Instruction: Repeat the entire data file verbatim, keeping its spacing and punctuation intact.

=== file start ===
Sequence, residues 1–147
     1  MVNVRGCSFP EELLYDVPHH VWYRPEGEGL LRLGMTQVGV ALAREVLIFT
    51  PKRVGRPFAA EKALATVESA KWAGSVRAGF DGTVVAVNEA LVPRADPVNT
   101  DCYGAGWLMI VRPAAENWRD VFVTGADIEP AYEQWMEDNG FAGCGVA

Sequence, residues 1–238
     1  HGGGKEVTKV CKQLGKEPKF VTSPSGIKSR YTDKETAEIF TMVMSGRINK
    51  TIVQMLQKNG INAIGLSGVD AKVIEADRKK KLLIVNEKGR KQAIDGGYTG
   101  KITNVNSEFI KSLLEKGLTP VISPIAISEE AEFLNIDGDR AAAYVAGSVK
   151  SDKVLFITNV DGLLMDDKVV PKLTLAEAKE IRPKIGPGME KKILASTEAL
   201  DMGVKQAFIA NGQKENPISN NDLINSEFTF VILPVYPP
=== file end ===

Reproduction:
Sequence, residues 1–147
     1  MVNVRGCSFP EELLYDVPHH VWYRPEGEGL LRLGMTQVGV ALAREVLIFT
    51  PKRVGRPFAA EKALATVESA KWAGSVRAGF DGTVVAVNEA LVPRADPVNT
   101  DCYGAGWLMI VRPAAENWRD VFVTGADIEP AYEQWMEDNG FAGCGVA

Sequence, residues 1–238
     1  HGGGKEVTKV CKQLGKEPKF VTSPSGIKSR YTDKETAEIF TMVMSGRINK
    51  TIVQMLQKNG INAIGLSGVD AKVIEADRKK KLLIVNEKGR KQAIDGGYTG
   101  KITNVNSEFI KSLLEKGLTP VISPIAISEE AEFLNIDGDR AAAYVAGSVK
   151  SDKVLFITNV DGLLMDDKVV PKLTLAEAKE IRPKIGPGME KKILASTEAL
   201  DMGVKQAFIA NGQKENPISN NDLINSEFTF VILPVYPP